Bangladesh Administrative Service Association, an organisation of Bangladesh Civil Service (administration) cadre officials, has opposed a provision in the Customs Bill-2019 that empowers customs officials with magistracy power.
The BASA has claimed that the provision in the bill is contradictory with the Supreme Court verdict on separation of judiciary from the executive in 2007.
The bill, placed before parliament on September 11, 2019 and was at the parliamentary standing committee on finance for further scrutiny, proposes conferring the power of first-class executive magistrate on customs officials for the purpose of entry, search, seizure and arrest for violation of the provisions in the bill.
The committee, headed by Abul Hassan Mahmood Ali, on Sunday finalised its recommendations giving magistracy power to customs.
The bill will now be placed before the parliament for passage.
BCS Customs and VAT Association said that the conferring of magistracy power on customs officials was not a new thing; rather it had been in place in the Customs Act-1969 since 2000.
Officials from both administration and customs cadres told New Age that they presented their arguments before the parliamentary standing committee on finance for consideration.
The committee on October 31 last year in its third meeting heard the arguments of both sides and decided to consult with the law minister on the issue before giving its opinion.
BASA president Helal Uddin Ahmed, also senior secretary to the Local Government Division, last week told New Age that there was no problem empowering government officials with magistracy power before the separation of judiciary.
But after the separation, the Code of Criminal Procedure clearly says that there will be only two types of magistrates — judicial and executive — and the executive magistrates will be appointed only from the BCS (administration) cadre.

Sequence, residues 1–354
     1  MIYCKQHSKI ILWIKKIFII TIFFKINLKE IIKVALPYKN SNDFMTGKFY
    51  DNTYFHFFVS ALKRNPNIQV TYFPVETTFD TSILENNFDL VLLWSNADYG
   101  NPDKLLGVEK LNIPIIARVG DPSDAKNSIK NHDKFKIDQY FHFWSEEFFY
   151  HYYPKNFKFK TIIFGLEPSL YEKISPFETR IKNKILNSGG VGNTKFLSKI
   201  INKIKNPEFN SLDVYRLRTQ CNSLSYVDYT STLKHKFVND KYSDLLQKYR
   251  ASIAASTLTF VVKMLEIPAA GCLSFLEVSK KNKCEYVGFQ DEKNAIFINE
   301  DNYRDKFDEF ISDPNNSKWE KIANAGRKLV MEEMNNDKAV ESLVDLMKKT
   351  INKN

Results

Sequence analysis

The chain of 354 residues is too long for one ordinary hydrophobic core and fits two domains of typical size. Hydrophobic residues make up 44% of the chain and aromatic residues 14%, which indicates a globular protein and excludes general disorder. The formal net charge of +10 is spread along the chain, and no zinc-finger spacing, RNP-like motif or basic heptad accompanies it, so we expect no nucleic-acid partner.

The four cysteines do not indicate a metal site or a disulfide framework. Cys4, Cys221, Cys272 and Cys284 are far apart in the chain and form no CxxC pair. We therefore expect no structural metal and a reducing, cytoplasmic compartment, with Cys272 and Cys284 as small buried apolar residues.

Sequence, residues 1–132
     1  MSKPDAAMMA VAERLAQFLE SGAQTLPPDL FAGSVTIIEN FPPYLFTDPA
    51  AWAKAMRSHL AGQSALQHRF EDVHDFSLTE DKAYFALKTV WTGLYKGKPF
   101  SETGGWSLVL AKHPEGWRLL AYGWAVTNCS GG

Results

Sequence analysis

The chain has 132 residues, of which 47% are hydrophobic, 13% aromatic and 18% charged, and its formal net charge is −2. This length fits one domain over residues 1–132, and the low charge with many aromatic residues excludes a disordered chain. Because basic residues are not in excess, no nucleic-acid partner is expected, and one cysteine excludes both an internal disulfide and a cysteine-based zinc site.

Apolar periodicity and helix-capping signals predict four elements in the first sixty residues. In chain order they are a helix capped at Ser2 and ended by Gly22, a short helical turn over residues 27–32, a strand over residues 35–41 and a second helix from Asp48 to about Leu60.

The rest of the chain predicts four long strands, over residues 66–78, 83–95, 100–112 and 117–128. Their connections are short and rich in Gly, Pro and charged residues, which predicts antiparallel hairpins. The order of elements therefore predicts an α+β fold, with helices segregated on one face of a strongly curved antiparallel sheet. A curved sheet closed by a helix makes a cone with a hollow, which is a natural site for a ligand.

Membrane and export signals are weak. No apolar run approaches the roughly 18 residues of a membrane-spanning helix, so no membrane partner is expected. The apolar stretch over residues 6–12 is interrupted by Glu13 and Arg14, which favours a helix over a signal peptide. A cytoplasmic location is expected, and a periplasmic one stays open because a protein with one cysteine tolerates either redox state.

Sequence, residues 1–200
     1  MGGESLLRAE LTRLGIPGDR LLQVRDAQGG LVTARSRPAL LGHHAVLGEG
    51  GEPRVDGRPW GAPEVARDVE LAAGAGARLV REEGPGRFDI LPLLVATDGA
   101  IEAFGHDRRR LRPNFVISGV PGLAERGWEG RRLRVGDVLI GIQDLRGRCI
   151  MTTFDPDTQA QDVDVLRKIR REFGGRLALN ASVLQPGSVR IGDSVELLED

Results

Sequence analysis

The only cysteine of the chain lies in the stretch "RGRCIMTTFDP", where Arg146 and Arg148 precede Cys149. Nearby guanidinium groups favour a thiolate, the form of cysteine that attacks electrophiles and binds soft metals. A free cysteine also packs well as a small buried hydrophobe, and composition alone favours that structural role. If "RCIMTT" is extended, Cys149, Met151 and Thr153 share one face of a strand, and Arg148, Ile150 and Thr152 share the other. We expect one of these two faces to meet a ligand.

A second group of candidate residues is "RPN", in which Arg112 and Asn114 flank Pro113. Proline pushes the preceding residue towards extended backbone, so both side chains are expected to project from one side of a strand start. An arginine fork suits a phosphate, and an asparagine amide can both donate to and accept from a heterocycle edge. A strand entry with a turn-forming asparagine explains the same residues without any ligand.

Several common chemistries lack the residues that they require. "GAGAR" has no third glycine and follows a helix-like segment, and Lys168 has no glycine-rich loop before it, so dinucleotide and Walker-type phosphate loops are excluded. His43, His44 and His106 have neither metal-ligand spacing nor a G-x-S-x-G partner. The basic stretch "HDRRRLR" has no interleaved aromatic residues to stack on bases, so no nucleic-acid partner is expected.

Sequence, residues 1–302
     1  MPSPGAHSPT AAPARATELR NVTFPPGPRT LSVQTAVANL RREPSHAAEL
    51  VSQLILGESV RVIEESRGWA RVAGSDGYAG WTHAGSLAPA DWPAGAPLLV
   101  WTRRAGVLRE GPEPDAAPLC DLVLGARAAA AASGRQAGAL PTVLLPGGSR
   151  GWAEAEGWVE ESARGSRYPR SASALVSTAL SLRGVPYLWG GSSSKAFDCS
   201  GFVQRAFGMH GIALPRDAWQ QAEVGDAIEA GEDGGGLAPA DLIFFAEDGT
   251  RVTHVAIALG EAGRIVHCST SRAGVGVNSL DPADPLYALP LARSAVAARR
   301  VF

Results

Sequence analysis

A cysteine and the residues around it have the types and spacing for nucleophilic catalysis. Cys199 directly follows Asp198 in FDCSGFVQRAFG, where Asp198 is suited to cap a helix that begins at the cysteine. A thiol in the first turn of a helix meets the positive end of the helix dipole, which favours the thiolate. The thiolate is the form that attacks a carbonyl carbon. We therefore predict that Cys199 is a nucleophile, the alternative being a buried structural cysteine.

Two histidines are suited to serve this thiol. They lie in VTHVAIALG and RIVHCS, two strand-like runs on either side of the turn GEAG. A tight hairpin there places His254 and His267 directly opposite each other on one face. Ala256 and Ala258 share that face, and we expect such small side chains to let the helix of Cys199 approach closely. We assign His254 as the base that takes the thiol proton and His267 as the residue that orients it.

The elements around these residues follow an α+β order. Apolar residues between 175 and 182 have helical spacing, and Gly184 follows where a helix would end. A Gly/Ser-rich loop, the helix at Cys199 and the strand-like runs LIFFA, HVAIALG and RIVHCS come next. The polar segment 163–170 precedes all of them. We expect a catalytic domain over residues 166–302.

‘So, there is no scope for conferring magistracy power on any other cadres after the separation of judiciary,’ he said.
He also said that the provision would not sustain if anyone challenged it in court.
The BASA expressed its reservation about the provision, he said.
BCS Customs and VAT Association secretary general Syed Mushfequr Rahman told New Age that the provision was not new for customs as customs officials had the authority to enter, search, seize and arrest under the Customs Act-1969 since 2000. The National Board of Revenue has only extracted the provision from the existing law, he said.
‘The law ministry has also conducted vetting to see whether the provision is contradictory with the constitution, other existing laws and regulations and find it befitting,’ he said.
Even cabinet also approved the draft of the new law and then it was placed before parliament, he said, adding that it would not be wise to bring any major amendments to it in this final stage. NBR officials, including members of the board, at the meeting said that the power would be exercised only to handle the offences related to the customs act.
Such power should remain in place to conduct instant search, they said, adding that otherwise it would not be possible to check customs-related offences, including duty evasion, trade-based money laundering and misuse of customs bond facility.
Officials said that Helal and Mushfequr also attended the meeting and presented arguments for their respective sides.
According to the meeting minutes, committee chairman Abul Hassan Mahmood Ali asked Helal why they did not raise any objection when the cabinet approved the draft with the provision.
He replied that the issue then did not come to their attention.
The committee also sought opinion from additional district magistrate of Dhaka, representatives from the Cabinet Division and National Parliament Secretariat.
They also opined that the provision was contradictory with the separation of judiciary.
Financial Institutions Division senior secretary Md Ashadul Islam opined that the bill could confer the authority to enter, search and take other necessary steps on customs officials without magistracy power.
Want stories like this in your inbox?
Sign up to exclusive daily email
More Stories from Miscellany